The starfighter genre has been around since Star Raiders debuted on the Atari 800, and few significant improvements have been made since. The same basic game design is retread again and again, and even high profile titles like Wing Commander IV offer little more in the way of gameplay than their predecessors. With Absolute Zero, Domark seems intent on taking a completely different approach to the genre. The problem is that while Absolute Zero's design concepts are unique, the game interface is poorly executed.
The story is well-conceived and fresh, following the lives of 24th century humans who have finally mastered cold fusion, and buzz around the solar system like busy bees. Much of the activity centers on Europa, an ice-covered Jovian moon that now provides fuel for human fusion engines. While they're mining, the busy little workers discover, under the Europan ice, a hibernating race of alienswho are now seriously pissed. Military reinforcements are a ways off, so the miners convert their equipment into makeshift military hardware to battle the aliens until help arrives.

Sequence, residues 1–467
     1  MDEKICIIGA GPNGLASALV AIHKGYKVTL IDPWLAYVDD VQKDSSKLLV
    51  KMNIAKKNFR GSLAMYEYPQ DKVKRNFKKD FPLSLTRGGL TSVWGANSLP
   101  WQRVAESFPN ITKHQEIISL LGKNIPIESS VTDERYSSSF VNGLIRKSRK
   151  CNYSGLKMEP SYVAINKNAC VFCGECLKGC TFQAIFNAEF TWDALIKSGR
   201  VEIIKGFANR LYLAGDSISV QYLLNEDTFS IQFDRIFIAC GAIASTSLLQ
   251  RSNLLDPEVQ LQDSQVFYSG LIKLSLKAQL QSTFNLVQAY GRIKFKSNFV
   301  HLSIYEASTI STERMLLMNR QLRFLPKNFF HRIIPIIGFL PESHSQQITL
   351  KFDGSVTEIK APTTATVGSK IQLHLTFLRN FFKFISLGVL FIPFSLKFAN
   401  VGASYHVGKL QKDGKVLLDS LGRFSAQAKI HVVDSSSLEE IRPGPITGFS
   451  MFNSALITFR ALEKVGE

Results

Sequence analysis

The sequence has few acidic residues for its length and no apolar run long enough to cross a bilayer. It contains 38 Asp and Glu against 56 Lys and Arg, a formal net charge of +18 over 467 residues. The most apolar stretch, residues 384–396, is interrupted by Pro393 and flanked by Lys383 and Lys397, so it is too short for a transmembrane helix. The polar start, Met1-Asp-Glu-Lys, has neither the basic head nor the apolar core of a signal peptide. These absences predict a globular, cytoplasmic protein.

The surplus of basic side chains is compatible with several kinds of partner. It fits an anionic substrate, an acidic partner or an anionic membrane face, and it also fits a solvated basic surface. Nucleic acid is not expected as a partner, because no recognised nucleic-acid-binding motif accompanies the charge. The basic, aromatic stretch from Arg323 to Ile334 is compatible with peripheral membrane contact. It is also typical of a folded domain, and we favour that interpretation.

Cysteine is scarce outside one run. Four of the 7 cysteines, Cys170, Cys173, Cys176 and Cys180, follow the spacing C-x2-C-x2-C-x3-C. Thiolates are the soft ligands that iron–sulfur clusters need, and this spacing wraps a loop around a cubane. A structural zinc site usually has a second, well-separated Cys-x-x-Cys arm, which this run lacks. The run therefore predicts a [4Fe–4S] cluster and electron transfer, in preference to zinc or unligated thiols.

It's not easy to jump into this game. The main interface, called a VR Tunnel, leaves you a bit unsure of what to do unless you've carefully read the manual first. Even so, with practice, you'll master the controls, piloting both air- and landcraft from the perspective of several different would-be heroes. As you progress through the game, more is revealed about your newfound foes and their strange crystalline forms.
Absolute Zero has some annoying drawbacks. Although the game installed smoothly under Windows 95, it took some work to get into the game setup to choose sound cards and other customizable options. This said, if you've got the patience to stick with it, Absolute Zero is a nice change of pace from the increasingly ordinary world of starfighting games. But, those looking to jump in and start shooting are headed for a frosty disappointment.